|From:||Aidan Grey <arachnis@...>|
|Date:||Saturday, January 22, 2000, 10:14|
I know this must seem weird, since I _should_ be the authority, but here
Okay, so, Aelya is now derived from Old Irish - without ANY Tolkien
influence (okay, a little, but mostly only in morphology). OI had all these
great preverbs which modified or otherwise gave meaning to the verb itself
(ad-cii, see, where cii doesn't mean anything, or do-icc, come, where icc is
also part of several other cpds (ar-icc, con-icc, etc.)) and also served to
mark several tense/mood/aspect type features (ro- common for perfectives,
na- for negatives, etc.) as well as (boy this is a long sentence!) serving
as particles allowing for prefixing objects (something like ad-e-ciu for
Okay, so with that out of the way, here's waht I'm hoping for/having
I don't want to keep the preverbs in most cases (otherwise I'd end up
with the problem of Mn. Irish, where a zillion verbs begin with t- because
of the old do- preverb), keeping them only when they're meaningful
(differentiate several different verbs with the same root). In this case,
I'm thinking to use the meanings of those preverbs to form derivational
prefixes, or to use phrasal verbs (jump up to, e.g.). But, I do want to keep
the "infixing" of objects. I thought I'd use a generic preverb (like the
ever handy a-) for cases like this (instead of OI's ro-, too many uses of
that one preverb!). I also like the idea of preverbs as aspect marking, and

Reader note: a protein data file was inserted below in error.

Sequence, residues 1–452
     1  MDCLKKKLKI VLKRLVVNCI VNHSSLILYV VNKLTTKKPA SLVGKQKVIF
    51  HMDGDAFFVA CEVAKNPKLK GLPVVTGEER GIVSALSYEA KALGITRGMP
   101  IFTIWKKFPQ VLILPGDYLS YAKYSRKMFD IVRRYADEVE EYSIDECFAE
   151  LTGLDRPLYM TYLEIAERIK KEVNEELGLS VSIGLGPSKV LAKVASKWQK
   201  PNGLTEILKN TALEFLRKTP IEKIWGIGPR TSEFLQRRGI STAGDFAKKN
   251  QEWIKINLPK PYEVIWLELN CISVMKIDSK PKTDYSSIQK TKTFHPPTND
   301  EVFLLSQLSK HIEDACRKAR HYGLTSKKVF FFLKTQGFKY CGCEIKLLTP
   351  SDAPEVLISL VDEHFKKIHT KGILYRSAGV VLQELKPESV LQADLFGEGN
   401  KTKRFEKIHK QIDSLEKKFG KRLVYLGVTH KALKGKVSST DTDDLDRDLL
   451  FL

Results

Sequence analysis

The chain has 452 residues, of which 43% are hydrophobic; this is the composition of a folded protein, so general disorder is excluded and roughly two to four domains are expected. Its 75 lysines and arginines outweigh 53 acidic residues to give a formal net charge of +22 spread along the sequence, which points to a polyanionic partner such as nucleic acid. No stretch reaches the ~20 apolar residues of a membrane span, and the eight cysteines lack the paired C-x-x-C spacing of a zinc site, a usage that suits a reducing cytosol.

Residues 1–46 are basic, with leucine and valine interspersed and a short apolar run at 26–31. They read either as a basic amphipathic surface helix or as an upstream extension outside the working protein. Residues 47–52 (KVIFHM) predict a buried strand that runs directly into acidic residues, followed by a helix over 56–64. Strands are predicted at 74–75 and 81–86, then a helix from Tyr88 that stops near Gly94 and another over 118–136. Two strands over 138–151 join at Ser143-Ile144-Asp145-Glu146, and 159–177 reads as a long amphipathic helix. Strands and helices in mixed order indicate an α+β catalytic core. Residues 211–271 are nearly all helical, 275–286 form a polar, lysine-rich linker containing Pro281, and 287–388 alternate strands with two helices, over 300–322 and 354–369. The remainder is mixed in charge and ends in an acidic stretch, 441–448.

I really would love to incorporate the zillion markers various people on the
list have used, and that are common in many Native American langs. BUT, I
don't want a zillion marlkers, cause I'd never use them all - too complex.
So, I guess what I'm asking is this/these:
Anyone else faced this problem? What did you do?
Any idea on how to incorporate preverbs but on a smaller scale, but
still as useful?
Is my generic preverb idea any good? Anyone have better ideas?
I have another problem - I love morphology. So, I keep trying to add
ooodles (3 o's is on purpose!) of neat stuff, like cases like Finnish,
morphosyntactic qualities like Navaho, a gajillion (it's a technical term)
deictics, and so on. On top of that, I'm never happy with the affixes or
umlauts I assign. How do you folks deal with this - I can't be the only
person here (and I know I don't have time to start ANOTHER lang - I'd like
to finish this one!) with this problem? I recently convinced myself to only
have three cases (nom, gen, and oblique for use with preps and such, acc and
dat being shown by word order), but I have no idea where to derive the
endings/declension from. Any ideas?